Who Drinks the Most Coffee?

coffee around worldAlthough there are big chunks of the world that barely touch coffee (looking at you South East Asia), plenty of us drink absolutely tons of the stuff. Interestingly, the obvious countries like the United States don’t rank that high on the list, and there might be a few other interesting surprises too! Our figures come from Euromonitor’s 2013 report, which detail all of the world’s largest coffee consumers, in kilograms of beans per capita.

Coffee is a huge part of western culture, and despite originating in the Middle East centuries ago, it’s come to be one of the big elements of the high street in the form of coffee shops like Costa and Starbucks. It’s a huge part of millions of people’s morning routines, but who drinks the most coffee? Here’s our top ten list.

Number. 10 – 4.8kg/Capita – Brazil

While Brazil is one of the biggest producers of coffee beans they’re pretty far from the biggest drinkers. While they dedicate many hectares of land to growing coffee, and it’s one of their biggest exports, they don’t drink as much as some of the others on this list.

Number. 9 – 4.9kg/Capita – Belgium

Although Belgium has a bigger association with chocolate and beer, they’re also pretty big on their coffee. If you’re around in Belgium, go enjoy a traditional breakfast of a strong cup of coffee, and a Belgian waffle.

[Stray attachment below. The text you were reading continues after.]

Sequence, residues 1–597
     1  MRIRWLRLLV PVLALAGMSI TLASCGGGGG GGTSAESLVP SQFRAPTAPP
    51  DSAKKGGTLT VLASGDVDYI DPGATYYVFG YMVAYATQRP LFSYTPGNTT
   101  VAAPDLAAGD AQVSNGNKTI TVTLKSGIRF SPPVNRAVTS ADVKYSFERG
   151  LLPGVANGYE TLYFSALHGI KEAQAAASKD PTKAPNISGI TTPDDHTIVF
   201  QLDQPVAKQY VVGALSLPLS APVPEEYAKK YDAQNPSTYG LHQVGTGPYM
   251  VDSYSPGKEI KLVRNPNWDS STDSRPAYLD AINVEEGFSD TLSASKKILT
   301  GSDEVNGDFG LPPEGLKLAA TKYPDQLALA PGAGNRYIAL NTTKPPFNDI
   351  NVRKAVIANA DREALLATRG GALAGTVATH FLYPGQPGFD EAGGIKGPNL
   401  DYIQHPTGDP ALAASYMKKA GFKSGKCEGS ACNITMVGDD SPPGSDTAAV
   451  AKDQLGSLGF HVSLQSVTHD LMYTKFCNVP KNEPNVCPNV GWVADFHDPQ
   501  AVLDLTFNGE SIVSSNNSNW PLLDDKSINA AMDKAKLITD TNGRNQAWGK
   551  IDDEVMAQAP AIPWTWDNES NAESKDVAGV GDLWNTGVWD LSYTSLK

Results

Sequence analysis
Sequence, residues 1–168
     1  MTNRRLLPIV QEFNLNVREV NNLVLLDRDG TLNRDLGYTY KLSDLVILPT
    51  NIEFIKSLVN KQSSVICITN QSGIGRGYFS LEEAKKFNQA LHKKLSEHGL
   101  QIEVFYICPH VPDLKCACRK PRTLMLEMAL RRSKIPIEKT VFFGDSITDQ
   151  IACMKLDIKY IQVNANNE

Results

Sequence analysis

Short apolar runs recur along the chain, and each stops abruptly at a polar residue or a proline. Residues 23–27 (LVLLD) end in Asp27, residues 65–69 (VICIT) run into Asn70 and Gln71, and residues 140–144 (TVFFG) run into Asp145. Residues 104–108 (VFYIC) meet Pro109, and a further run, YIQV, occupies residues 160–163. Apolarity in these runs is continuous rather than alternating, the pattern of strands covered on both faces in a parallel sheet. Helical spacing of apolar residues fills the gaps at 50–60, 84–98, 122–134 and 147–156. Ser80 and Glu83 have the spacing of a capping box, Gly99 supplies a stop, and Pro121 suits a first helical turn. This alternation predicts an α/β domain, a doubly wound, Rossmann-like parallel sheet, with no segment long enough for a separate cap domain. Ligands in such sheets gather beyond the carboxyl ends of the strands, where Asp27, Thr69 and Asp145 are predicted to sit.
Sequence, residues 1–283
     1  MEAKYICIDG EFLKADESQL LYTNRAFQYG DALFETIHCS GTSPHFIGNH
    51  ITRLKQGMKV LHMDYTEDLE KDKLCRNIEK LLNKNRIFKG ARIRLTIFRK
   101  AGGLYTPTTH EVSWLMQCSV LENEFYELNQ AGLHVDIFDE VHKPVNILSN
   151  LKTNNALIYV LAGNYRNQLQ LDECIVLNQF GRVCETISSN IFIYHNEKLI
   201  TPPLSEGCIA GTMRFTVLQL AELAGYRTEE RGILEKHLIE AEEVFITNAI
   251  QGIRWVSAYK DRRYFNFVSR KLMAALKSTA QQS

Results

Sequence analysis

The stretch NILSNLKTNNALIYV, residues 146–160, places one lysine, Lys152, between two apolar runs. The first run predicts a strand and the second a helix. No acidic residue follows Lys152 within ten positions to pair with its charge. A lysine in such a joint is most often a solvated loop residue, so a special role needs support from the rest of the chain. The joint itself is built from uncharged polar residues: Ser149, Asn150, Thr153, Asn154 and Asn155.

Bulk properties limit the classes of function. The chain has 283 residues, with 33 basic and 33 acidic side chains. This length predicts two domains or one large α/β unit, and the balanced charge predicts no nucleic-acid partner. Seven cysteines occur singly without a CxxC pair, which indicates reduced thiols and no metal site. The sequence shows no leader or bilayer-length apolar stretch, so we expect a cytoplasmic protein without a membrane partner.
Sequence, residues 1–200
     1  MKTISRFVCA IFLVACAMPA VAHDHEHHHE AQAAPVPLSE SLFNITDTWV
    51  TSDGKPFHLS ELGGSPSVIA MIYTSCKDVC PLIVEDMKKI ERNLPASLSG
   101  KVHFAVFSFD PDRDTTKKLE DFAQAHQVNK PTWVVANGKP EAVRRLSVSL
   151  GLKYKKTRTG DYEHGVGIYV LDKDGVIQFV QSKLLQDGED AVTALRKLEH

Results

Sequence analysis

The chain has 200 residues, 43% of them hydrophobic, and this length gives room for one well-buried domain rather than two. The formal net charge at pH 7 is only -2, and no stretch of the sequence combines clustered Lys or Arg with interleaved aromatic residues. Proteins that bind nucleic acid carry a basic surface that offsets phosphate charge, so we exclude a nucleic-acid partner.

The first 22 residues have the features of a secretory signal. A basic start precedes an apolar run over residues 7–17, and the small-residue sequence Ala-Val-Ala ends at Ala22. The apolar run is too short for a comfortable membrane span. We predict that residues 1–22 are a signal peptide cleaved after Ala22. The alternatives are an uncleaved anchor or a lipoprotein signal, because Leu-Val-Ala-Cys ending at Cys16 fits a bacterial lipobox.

Number. 8 – 5.2kg/Capita – Germany

Coffee has been popular in Germany and Northern Europe for centuries, and that continues to the current day. With a pretty significant step-up from Belgium, head over to Germany and try a traditional German breakfast of cold meat, bread, jam, and, of course, coffee.

Number. 7 – 5.3kg/Capita – Denmark

Famous for the curious combination of having the highest happiness index per capita, and Vikings, the Danes have a potent love for coffee, much like most of the Nordic countries, maybe it’s something to do with the colder climates.

Number. 6 – 5.4kg/Capita – Serbia

Serbians enjoy potent, black, Turkish coffee. Despite being more troublesome to make, requiring multiple boils and other hassles, Turkish coffee is a much more powerful flavour than your bog standard instant coffee, and the Serbians must enjoy it, as they drink it a lot, traditionally with most meals.

Number. 5 – 5.5kg/Capita – Austria

Austria is known for being a real culture destination, with Vienna being home to many amazing traditional coffee houses for you to check out between admiring the spectacular architecture, art galleries and museums.

Number. 4 – 6.1kg/Capita – Slovenia

Much like the Serbians, Slovenians love a cup of strong black Turkish coffee, served incredibly strong in small cups. Typically enjoyed in coffee cafes that are still very popular, strong black Turkish coffee is a great way to cope with the frigid winters Slovenia endures every year.

Number. 3 – 6.7kg/Capita – Netherlands

The Dutch have always been one of the more progressive countries in Northern Europe, even going back centuries. They were one of the first countries to start enjoying coffee as part of their diet, and that continues today. Typically enjoyed with cakes and pastries, the Dutch love a coffee.

Number. 2 – 7.2kg/Capita – Norway

Continuing the tradition of Nordic countries loving coffee, the caffeinated beverage is enjoyed by almost everyone, with the average Nord consuming two cups daily, generally with breakfast.

Number. 1 – 9.6kg/Capita – Finland

Winning with a pretty huge margin, the Finns consume almost three cups of coffee per person every day, with coffee being consumed basically all day, but with the Finns enjoying much lighter coffee roasts and blends, rather than the intense Turkish coffees you might find in Eastern Europe.